plates and the "set" of the neutralizer, but this has no value whatever for good X-ray work. Practically, a six-inch spark of good volume (flame-spark) answers every purpose with a good tube, and a poor one is undesirable for any purpose. On the other hand, a machine capable of developing a speed of 2000 revolutions gives a current of high pitch and intensity and good volume, because the molecular vibration of air particles is from five to seven times as great as that from a lowspeed machine, and in this respect it is more like a coil in the character of its output.

Another error of construction in many static machines is the amount of surface exposed to the conducting influence of damp air on the outside of the case. A vast array of showy brass balls may be very imposing to the spectator but at best brass is cheap and the greater amount of atmospheric leakage is not compensated by this glitter of cheap display.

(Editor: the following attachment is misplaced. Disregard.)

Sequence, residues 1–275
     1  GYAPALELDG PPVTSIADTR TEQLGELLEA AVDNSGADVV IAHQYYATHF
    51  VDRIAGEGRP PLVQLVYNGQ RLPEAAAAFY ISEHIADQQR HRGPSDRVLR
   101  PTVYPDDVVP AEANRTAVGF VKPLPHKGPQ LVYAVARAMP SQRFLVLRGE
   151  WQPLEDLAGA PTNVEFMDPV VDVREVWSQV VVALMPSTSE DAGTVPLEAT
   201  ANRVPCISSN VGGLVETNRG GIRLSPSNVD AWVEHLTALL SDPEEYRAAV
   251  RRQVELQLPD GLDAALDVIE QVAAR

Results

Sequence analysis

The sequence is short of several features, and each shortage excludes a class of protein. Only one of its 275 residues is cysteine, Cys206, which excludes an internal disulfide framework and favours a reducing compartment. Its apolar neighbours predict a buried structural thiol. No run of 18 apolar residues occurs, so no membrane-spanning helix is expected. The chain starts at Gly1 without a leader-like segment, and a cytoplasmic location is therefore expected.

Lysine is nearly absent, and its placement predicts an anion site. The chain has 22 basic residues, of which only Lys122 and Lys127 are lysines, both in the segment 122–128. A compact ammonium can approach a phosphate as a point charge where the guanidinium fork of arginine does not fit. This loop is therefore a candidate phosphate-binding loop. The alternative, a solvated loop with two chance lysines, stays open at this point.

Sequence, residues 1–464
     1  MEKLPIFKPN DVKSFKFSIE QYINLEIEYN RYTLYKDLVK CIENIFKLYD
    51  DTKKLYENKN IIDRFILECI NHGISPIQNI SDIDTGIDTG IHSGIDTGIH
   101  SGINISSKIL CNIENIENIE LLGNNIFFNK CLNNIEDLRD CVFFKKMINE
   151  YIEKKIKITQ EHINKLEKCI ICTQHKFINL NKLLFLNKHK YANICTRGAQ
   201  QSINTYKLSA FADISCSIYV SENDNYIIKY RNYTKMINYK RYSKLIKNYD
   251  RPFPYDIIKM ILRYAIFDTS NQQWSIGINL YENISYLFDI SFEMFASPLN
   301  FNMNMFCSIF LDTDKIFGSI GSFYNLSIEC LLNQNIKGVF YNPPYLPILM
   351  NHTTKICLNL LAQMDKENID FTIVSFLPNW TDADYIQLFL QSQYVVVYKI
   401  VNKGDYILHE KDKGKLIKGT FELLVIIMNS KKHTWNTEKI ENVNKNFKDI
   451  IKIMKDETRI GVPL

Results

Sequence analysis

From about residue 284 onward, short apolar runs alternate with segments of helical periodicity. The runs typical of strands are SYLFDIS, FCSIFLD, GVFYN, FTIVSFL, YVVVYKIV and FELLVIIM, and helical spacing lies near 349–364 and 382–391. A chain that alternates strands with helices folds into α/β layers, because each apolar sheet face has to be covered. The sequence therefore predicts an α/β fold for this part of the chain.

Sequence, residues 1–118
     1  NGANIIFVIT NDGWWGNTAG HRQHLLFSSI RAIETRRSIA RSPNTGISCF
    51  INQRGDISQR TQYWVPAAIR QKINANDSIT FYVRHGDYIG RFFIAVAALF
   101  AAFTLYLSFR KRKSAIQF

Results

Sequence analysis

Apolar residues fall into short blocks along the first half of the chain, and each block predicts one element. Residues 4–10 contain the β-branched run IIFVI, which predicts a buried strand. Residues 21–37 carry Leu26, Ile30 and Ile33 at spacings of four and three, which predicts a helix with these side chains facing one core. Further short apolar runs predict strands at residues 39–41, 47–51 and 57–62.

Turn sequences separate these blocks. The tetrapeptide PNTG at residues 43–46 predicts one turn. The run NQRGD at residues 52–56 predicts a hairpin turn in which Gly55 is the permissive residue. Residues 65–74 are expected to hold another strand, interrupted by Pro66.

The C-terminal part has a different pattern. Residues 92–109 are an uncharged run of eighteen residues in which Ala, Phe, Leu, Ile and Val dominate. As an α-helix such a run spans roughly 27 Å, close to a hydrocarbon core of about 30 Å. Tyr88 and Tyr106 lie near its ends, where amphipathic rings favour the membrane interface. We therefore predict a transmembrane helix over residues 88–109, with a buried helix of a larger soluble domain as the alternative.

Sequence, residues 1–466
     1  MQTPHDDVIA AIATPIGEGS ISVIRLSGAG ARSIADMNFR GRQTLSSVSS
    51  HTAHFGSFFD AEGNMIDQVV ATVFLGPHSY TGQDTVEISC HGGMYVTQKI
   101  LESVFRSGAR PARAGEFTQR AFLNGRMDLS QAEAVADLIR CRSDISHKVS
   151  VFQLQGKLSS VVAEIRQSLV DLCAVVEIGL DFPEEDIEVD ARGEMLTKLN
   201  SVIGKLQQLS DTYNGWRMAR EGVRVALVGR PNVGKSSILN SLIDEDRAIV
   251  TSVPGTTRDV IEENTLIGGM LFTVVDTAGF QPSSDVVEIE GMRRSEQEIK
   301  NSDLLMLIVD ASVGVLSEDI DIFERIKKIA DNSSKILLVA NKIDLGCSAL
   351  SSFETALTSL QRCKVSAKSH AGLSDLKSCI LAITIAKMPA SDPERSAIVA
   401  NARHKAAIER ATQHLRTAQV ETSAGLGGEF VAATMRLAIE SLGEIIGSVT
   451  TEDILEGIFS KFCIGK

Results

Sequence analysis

It has been urged that a composition plate machine, such as the one designed by Dr. Wagner, requires too much attention and the ball bearings of rapidly revolving machinery need care, but is it not worth something to have an apparatus that can be depended upon at any hour of any day in the year? If used a great deal, it will need a good deal of cleaning but in that case it is earning money, and here I wish to enter my protest against the practice of allowing every one a❝look at his hand," or to use the machine for any purpose without demanding a substantial fee for the work. The practitioner is respected, all things being equal, according to the size of his fees, and he cheapens himself in the estimation of his clients when he does things for nothing. No one lacking experience should attempt to operate an X-ray apparatus, as it is fraught with dangers and may become the source of malpractice suits. I beg your indulgence to recall such a case:

A very competent surgeon came to my office one Sunday about noon to have an elbow examined. After he had looked at it for some time whilst I was busy adjusting the machine so it would give its best output, the current to the motor was cut off by the engineer, who, like all good workmen, never works overtime. The surgeon expressed himself as satisfied with what he had seen. Two weeks later another surgeon brought the same patient to me, and this time I made the